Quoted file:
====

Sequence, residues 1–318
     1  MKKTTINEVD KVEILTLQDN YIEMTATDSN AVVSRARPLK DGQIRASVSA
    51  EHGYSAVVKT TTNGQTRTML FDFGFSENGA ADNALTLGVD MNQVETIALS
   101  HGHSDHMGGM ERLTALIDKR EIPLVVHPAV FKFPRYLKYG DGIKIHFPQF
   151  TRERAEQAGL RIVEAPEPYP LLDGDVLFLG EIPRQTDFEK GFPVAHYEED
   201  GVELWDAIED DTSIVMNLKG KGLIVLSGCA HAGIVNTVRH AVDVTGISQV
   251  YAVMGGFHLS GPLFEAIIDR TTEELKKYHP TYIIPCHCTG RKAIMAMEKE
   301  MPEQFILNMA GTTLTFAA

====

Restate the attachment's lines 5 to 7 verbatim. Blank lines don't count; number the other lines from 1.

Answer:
   151  TRERAEQAGL RIVEAPEPYP LLDGDVLFLG EIPRQTDFEK GFPVAHYEED
   201  GVELWDAIED DTSIVMNLKG KGLIVLSGCA HAGIVNTVRH AVDVTGISQV
   251  YAVMGGFHLS GPLFEAIIDR TTEELKKYHP TYIIPCHCTG RKAIMAMEKE